The webpage of the Youth Ministry of the Irish Province of Augustinians

Seventh Sunday in Ordinary Time, Year A - 20th February 2011

To allow someone to walk all over you is never a good idea, and, no matter how it might seem, it is not what Jesus is suggesting for us in today's gospel passage either.  To offer the other cheek to the one who hits you and to pray for your enemies seems ridiculous but we really have to look on it in the context of what this passage is really about - love your neighbour as yourself.

It is so easy to react when people mistreat us.  Our first instinct is to defend ourselves which so often means to retaliate.  This is to act without thinking.  This is to base our actions on self-preservation.  This is not what Jesus asks of his disciples.

Our actions should be informed by our values.  That is to say that if we believe certain things are important then we should never do anything that would go against that basic value.  What Jesus presents us with is a challenge that I don't think anyone lives up to completely.  It is a challenge to only act in a way that is consistent with our values and not to be influenced by our anger or our need for revenge or our need to feel better.  The core value for the disciples of Jesus is love, specifically love of the other.  This is not something that we can water down when it suits us - and the test of this dilution will be our actions.  Actions are concrete things which can express (or not) our values.  Jesus challenges his followers to be consistent in our actions, coherent with what we profess to believe and convinced about our standpoint vis a vis a world and a society which often favours the strong or the wealthy or the influential.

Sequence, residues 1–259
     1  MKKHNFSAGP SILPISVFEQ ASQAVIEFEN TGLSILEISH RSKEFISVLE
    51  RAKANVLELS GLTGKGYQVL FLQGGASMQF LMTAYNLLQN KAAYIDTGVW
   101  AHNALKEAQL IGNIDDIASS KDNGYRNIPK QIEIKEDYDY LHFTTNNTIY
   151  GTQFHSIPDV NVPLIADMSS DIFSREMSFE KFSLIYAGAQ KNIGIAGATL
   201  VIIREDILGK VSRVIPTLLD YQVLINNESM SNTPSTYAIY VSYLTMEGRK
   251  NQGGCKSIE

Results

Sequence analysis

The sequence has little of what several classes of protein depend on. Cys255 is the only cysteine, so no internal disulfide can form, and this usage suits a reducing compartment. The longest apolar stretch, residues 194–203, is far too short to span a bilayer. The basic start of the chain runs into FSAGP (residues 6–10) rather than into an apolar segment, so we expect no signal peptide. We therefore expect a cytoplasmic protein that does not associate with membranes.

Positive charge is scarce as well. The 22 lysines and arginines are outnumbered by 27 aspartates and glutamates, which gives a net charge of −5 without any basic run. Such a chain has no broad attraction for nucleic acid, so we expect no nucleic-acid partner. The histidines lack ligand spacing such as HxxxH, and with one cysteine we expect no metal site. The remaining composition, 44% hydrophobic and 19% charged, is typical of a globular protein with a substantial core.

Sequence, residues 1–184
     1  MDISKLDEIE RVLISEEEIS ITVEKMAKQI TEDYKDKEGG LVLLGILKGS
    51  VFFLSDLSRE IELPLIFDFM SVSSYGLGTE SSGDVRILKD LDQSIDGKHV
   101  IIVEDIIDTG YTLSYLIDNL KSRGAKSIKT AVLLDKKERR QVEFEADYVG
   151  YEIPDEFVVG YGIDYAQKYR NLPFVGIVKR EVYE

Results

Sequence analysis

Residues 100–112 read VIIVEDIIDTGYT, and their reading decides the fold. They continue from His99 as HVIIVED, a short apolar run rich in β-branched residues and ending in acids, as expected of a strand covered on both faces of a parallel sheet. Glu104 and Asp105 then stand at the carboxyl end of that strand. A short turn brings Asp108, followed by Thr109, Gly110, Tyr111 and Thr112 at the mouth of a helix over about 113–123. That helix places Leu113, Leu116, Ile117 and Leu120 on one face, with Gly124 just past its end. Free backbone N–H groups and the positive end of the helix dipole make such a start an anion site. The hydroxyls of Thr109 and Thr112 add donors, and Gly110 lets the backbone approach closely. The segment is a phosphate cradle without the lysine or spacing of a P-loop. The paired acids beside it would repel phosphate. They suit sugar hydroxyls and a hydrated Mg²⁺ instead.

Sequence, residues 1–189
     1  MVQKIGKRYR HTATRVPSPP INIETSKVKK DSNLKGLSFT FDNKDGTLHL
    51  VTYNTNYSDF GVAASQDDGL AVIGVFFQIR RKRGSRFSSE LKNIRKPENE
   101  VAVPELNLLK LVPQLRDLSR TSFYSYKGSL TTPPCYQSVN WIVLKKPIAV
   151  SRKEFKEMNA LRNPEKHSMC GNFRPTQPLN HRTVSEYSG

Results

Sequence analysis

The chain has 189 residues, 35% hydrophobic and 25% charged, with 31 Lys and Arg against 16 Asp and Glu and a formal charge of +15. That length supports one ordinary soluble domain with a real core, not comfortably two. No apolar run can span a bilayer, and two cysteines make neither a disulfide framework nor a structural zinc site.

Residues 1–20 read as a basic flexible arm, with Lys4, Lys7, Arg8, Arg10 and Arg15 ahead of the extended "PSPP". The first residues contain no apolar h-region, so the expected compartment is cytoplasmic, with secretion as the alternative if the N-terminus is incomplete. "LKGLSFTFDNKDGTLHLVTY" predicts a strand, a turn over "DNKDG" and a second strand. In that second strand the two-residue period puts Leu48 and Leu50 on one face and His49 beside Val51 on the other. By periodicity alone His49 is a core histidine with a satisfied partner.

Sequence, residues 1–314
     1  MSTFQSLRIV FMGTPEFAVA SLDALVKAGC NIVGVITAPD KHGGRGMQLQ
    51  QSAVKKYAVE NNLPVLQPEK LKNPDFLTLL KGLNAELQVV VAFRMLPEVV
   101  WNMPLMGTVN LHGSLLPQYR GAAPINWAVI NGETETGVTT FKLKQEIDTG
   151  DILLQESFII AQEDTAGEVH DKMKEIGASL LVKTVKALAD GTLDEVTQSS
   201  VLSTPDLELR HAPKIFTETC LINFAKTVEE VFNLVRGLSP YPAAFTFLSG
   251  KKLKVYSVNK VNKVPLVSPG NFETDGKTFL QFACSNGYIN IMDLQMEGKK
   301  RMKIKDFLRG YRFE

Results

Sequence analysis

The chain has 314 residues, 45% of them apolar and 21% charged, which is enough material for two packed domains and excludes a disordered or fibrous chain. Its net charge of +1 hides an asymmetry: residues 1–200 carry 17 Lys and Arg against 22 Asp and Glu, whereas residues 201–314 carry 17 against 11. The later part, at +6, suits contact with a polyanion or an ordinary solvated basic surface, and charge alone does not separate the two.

Presenting your cheek to be struck by the one who has already hit you is not the point.  The point is rather: before you react, stop.  Stop and think.  Think about the things that are really important to you and ask yourself what is the way to address this situation.  To put it simplistically we could ask ourselves the question: "What would Jesus do?"

This is never going to be an easy task as the most difficult decisions about our actions are often taken in the context of highly emotional situations.  However, this challenge is at the heart of what we believe as Christians.


Article posted on 19th of February 2011

Click here for a printable version of this page
Web Analytics